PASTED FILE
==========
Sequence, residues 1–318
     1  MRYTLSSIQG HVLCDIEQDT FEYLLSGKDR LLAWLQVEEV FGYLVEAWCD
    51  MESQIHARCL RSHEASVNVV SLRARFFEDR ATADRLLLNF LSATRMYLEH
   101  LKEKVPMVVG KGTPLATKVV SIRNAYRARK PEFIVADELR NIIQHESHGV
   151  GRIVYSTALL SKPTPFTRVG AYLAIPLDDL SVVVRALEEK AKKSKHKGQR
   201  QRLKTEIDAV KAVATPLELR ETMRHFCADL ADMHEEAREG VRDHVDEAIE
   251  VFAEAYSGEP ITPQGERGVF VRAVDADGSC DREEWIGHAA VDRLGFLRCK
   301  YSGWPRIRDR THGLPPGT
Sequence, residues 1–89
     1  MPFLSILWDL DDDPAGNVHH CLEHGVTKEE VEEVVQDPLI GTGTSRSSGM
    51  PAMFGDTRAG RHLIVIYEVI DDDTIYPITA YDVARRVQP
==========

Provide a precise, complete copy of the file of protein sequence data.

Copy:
Sequence, residues 1–318
     1  MRYTLSSIQG HVLCDIEQDT FEYLLSGKDR LLAWLQVEEV FGYLVEAWCD
    51  MESQIHARCL RSHEASVNVV SLRARFFEDR ATADRLLLNF LSATRMYLEH
   101  LKEKVPMVVG KGTPLATKVV SIRNAYRARK PEFIVADELR NIIQHESHGV
   151  GRIVYSTALL SKPTPFTRVG AYLAIPLDDL SVVVRALEEK AKKSKHKGQR
   201  QRLKTEIDAV KAVATPLELR ETMRHFCADL ADMHEEAREG VRDHVDEAIE
   251  VFAEAYSGEP ITPQGERGVF VRAVDADGSC DREEWIGHAA VDRLGFLRCK
   301  YSGWPRIRDR THGLPPGT
Sequence, residues 1–89
     1  MPFLSILWDL DDDPAGNVHH CLEHGVTKEE VEEVVQDPLI GTGTSRSSGM
    51  PAMFGDTRAG RHLIVIYEVI DDDTIYPITA YDVARRVQP